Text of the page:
The U.S. Federal Reserve has decided against reducing its stimulus for the U.S. economy, saying it will maintain the pace of its bond purchases because it thinks the economy still needs the support.

The Fed says it decided to hold off on slowing the $85 billion US a month in bond purchases to see more conclusive evidence that the recovery will be sustained.

In a statement after its meeting, the Fed says that the economy is growing moderately and that some indicators of labour market conditions have shown improvement. But it noted that rising mortgage rates and government spending cuts are restraining growth.

The bond purchases are intended to keep long-term loan rates low to spur borrowing and spending.

Many thought the Fed would scale back its purchases, despite mixed economic reports.

The decision to hold off on the start of tapering led to an immediate jump in North American stock markets. By the close of trading on Wednesday, the Dow Jones industrial average had climbed 147 points to close at 15,677. The S&P/TSX composite index was up 97 points to a close of 12,931.

Oil and gold prices also soared. Oil futures rose $2.65 US a barrel to settle at $108.07, while the December futures contract for gold climbed $57 to $1,367 US an ounce. 

The Canadian dollar rose 0.70 cents to close at 97.83 cents US.

No `magic number`

During a news conference following the Fed policy meeting, chairman Ben Bernanke said there is "no fixed schedule" date or "magic number" for when the Federal Reserve will start to slow or end its bond purchases.

Bernanke said the Fed could still move later this year. But he said that hinges on the economy showing sustained improvement. And he clarified that the program won't necessarily end when unemployment reaches seven per cent.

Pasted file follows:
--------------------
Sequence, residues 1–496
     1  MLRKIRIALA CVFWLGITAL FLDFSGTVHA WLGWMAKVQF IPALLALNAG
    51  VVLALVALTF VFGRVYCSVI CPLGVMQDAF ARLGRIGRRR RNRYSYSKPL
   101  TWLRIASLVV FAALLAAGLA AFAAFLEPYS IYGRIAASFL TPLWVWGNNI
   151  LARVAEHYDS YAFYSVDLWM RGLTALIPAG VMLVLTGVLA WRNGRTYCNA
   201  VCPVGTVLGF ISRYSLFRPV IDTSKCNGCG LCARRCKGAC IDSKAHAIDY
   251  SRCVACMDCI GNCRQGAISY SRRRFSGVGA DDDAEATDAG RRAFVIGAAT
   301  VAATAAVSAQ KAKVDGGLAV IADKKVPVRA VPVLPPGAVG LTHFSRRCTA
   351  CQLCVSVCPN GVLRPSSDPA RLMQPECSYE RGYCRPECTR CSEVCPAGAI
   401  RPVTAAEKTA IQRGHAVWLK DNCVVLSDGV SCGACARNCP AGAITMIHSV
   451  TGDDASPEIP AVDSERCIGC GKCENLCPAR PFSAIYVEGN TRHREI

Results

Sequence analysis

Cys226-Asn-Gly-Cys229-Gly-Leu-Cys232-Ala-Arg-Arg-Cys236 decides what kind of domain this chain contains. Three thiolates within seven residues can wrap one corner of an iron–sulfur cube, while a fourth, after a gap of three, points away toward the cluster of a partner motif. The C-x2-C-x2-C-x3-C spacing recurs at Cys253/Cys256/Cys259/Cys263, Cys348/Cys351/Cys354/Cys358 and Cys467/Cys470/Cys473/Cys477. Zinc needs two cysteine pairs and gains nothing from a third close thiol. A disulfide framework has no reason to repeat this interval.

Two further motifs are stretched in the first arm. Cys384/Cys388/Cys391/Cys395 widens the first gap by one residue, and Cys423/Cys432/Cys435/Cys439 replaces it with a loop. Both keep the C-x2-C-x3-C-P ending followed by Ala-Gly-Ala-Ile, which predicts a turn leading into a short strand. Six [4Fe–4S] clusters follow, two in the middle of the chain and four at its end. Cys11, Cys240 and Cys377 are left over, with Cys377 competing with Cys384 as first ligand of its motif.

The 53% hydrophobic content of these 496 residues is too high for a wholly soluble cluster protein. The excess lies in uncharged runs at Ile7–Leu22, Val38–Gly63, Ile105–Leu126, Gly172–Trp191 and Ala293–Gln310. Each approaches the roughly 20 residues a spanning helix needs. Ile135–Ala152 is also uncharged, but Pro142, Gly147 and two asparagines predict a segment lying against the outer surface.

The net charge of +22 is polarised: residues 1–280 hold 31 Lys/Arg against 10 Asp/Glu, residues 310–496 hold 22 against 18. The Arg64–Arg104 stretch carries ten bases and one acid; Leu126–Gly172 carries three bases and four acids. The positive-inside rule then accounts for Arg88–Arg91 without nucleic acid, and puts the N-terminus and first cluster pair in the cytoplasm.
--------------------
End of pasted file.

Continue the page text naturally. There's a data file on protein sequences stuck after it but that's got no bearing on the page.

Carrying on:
"What we will be looking at is the overall labour market situation, including the unemployment rate but other factors as well. There is no magic number," Bernanke said.

Andrew Busch, editor of financial newsletter The Busch Update, says quantitative easing has not been effective and it’s time the Fed backed off.

“They have a major problem in that they have a huge imbalance with the Fed sheet. They need to start backing this down and stop adding to it. Why they didn’t act today is beyond me,” he told CBC’s Lang & O’Leary Exchange.

He said markets were surprised there was no tapering when the Fed had clearly signalled it would pull back.  

“The Fed really has a major problem – messaging. How do they tell people what they are doing,” he added.

Reduces growth forecast

The Fed also issued a more downbeat outlook on the U.S. economy for 2013 and 2014 than it did three months ago.

The Fed predicts that the economy will grow just 2 per cent to 2.3 per cent this year, down from its previous forecast in June of 2.3 per cent to 2.6 per cent growth.

Next year's economic growth will be a barely healthy 3 per cent, the Fed predicts.

But the Fed's policymakers expect the unemployment rate to fall to 7.1 per cent to 7.3 per cent by the end of 2013, slightly below its June forecast of 7.2 per cent to 7.3 per cent. It predicts that unemployment will fall as low as 6.4 per cent next year, down from 6.5 per cent in its June forecast.

The unemployment rate is now 7.3 per cent.